Humanity is Willful:  Deuteronomy 32:5-9.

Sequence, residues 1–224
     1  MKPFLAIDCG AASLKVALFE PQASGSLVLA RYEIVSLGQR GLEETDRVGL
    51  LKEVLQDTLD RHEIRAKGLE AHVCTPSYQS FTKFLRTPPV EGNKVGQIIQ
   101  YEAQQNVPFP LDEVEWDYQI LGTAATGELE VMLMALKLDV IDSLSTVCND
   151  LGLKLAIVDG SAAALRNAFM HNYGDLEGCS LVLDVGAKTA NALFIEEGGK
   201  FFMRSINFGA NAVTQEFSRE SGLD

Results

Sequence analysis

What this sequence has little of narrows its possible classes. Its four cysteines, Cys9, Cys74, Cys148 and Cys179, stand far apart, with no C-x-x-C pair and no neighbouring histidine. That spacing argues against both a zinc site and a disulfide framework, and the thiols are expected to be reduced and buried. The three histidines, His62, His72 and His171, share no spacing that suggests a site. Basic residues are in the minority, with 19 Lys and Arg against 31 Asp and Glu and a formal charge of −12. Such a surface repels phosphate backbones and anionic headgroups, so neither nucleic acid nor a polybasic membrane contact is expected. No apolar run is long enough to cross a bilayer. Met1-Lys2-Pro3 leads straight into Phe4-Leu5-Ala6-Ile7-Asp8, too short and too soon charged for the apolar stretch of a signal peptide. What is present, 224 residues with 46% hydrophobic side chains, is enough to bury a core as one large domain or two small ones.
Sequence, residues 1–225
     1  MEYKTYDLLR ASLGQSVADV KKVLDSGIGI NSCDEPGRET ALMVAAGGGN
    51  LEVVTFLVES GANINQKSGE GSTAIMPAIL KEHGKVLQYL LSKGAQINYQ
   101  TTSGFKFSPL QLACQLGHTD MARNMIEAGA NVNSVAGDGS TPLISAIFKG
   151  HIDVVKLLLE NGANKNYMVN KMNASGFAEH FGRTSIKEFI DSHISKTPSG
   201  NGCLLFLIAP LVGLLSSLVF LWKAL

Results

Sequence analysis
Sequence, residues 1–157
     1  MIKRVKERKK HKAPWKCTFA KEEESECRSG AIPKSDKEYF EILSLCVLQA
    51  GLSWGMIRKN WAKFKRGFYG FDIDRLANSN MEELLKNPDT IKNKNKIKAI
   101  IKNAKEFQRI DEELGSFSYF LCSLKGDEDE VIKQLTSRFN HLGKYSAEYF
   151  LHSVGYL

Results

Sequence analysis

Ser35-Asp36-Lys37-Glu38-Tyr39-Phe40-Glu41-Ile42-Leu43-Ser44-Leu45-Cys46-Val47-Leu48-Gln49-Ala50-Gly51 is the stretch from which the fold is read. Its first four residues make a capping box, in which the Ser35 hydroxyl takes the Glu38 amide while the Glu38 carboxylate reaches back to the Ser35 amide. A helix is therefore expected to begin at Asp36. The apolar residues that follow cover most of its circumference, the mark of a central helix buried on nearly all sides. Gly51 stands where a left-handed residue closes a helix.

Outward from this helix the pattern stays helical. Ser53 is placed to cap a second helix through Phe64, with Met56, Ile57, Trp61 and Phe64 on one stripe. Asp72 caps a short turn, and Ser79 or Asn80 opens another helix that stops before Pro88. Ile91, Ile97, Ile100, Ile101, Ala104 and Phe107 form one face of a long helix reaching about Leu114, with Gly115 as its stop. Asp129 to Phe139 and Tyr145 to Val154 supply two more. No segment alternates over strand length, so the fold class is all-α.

[5]  They have dealt corruptly with him; they are no longer his children because they are blemished; they are a crooked and twisted generation. [6]  Do you thus repay the LORD, you foolish and senseless people? Is not he your father, who created you, who made you and established you? [7]  Remember the days of old; consider the years of many generations; ask your father, and he will show you, your elders, and they will tell you. [8]  When the Most High gave to the nations their inheritance, when he divided mankind, he fixed the borders of the peoples according to the number of the sons of God. [9]  But the LORD’s portion is his people, Jacob his allotted heritage.  [ESV]